Tutorial – Clean and Simple
The words “Clean” and “Simple” are self-explanatory, but how do you describe what a “Clean and Simple” card is? One definition: “Clean and simple means there’s nowhere to hide your mistakes!”
It’s almost easier to talk about what it isn’t.
A CAS card isn’t ornate or froo froo. It doesn’t have a lot going on. A CAS card is the cardmaking equivalent of the “little black dress.” It’s elegant, understated; it might have a bit of sparkle or interesting angles, but with the CAS card or the little black dress less is more.
A CAS card will have a lot of undecorated space. It may or may not be white; it may or may not be textured, but this space allows the viewer’s eye to rest and focus on the focal point of the card without competition. Ever look at a card that had so much embellishment you were still noticing new elements on the third or fourth viewing? With a CAS card you’ll see the whole thing at once. It’s crisp. It’s clean. It’s simple.
The Little Black Dress of cardmaking
Does that mean if I slap a sticker on a folded piece of cardstock I’ve made a CAS card? No. Well, extremely unlikely. If I cut a neck hole and two arm slots in a trash bag will I have a “Little Black Dress?” Cards are going to look like the combination of materials and time and skill that go into them, no matter what the style. Use crisp, heavyweight card bases, stamp til you get it right, make sure everything is straight – and you’ll pull off CAS.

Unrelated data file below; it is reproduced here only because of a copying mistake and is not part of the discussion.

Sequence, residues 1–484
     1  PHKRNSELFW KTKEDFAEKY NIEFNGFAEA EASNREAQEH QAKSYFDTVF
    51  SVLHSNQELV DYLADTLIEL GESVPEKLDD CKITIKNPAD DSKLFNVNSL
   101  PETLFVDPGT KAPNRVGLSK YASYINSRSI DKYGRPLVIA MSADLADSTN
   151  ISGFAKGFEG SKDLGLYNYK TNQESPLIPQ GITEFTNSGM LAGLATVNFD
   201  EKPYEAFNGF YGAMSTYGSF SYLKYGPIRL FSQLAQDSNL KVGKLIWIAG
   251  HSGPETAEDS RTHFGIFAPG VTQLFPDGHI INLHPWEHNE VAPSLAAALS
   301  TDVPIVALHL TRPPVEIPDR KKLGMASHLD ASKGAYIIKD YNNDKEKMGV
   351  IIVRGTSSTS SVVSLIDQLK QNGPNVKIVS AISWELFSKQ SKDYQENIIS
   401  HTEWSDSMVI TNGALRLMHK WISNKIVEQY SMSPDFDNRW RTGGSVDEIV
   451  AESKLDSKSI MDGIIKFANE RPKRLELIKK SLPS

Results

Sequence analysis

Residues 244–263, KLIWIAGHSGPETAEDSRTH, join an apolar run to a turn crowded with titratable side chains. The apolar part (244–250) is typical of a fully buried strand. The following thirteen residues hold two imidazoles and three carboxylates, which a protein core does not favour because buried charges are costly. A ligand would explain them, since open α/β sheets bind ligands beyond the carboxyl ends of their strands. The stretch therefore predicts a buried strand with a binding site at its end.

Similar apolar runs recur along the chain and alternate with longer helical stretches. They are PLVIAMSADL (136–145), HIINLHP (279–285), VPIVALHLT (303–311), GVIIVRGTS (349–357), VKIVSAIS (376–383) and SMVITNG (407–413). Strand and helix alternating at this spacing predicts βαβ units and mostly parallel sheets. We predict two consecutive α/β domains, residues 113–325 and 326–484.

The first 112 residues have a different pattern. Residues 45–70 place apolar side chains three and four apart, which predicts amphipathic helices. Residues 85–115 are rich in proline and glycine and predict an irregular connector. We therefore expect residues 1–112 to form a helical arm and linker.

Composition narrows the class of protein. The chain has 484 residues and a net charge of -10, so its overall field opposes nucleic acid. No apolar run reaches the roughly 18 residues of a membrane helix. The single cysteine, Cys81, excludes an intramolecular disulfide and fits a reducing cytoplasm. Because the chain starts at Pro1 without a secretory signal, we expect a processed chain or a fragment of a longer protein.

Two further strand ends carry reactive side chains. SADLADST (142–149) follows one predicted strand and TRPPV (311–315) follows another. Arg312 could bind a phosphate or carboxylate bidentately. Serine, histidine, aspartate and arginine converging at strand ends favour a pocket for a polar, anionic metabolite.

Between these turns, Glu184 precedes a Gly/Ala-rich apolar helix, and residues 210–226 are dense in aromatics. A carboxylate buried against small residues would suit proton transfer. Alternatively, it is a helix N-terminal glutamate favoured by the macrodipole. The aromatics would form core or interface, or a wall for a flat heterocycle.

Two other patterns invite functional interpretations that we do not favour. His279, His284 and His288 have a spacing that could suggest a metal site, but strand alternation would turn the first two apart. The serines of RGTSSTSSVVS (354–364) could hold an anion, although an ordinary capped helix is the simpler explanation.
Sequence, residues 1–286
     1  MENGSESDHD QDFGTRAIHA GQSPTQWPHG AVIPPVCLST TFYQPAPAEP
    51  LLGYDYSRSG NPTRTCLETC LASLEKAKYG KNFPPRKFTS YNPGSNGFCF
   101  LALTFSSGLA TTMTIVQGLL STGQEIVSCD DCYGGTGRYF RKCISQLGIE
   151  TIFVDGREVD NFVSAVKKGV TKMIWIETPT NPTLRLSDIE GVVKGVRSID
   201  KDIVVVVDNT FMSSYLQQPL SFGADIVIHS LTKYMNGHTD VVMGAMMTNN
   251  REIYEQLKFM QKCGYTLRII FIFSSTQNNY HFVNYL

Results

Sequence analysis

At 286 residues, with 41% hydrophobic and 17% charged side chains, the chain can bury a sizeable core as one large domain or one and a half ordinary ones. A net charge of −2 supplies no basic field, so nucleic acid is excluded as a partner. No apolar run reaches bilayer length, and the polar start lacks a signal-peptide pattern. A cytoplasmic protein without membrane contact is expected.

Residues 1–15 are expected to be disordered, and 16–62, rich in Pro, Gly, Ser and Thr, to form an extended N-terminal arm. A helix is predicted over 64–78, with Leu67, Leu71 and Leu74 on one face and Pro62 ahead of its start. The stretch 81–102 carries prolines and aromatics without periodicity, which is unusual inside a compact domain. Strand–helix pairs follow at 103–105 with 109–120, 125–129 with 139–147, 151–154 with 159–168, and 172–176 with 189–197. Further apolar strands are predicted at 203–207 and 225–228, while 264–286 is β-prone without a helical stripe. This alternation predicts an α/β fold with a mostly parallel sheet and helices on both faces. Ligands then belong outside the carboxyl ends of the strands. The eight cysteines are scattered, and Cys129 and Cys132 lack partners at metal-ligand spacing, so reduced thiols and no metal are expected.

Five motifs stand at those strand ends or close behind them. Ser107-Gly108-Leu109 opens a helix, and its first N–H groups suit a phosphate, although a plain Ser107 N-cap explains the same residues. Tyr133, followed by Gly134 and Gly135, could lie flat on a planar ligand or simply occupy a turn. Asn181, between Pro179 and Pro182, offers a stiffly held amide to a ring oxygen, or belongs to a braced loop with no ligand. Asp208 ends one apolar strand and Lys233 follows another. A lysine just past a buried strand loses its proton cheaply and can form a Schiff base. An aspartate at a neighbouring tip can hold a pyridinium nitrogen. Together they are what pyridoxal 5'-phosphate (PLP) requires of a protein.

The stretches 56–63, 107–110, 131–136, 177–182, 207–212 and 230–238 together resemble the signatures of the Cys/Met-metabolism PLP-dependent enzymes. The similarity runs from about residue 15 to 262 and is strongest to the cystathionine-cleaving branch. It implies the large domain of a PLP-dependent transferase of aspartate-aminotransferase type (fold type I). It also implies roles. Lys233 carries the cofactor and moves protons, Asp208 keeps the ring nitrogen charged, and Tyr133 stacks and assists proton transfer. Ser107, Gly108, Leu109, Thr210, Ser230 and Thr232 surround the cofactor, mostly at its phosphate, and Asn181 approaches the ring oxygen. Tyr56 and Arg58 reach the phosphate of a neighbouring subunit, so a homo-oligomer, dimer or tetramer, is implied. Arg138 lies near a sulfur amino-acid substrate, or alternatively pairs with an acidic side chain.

I’ve seen people explain CAS by saying the cards don’t have ribbon or brads or patterned paper on them. That’s just not true. They can have any or all of those things on them, even at the same time. It’s not likely there will be several different patterned papers on one card. Maybe you have a ribbon and a brad but not a bow. Maybe there’s a ribbon and bow but no patterned paper. It’s about editing. When in doubt, take one element out. Or, as Coco Chanel said, “When accessorizing, always take off the last thing you put on.”
Do CAS cards use layers? Absolutely. you still want to make your focal point pop. You want your elements to stand out. Sometimes I see people asking on FB or in their blogs, “This card needs something, but I don’t know what.” People are always suggesting, “Add a bow! Put a ribbon on it! How about adding three brads in the bottom corner?” My first thought is usually, “Put a contrasting layer in behind your patterned paper or behind the sentiment.” Layers add depth and definition without adding distraction. Layers are good.
You might have noticed I’ve picked some sample cards that seem to break the “rules” for CAS cards, but I’d call all these cards Clean and Simple. So, what makes a CAS card? Maybe you just know it when you see it.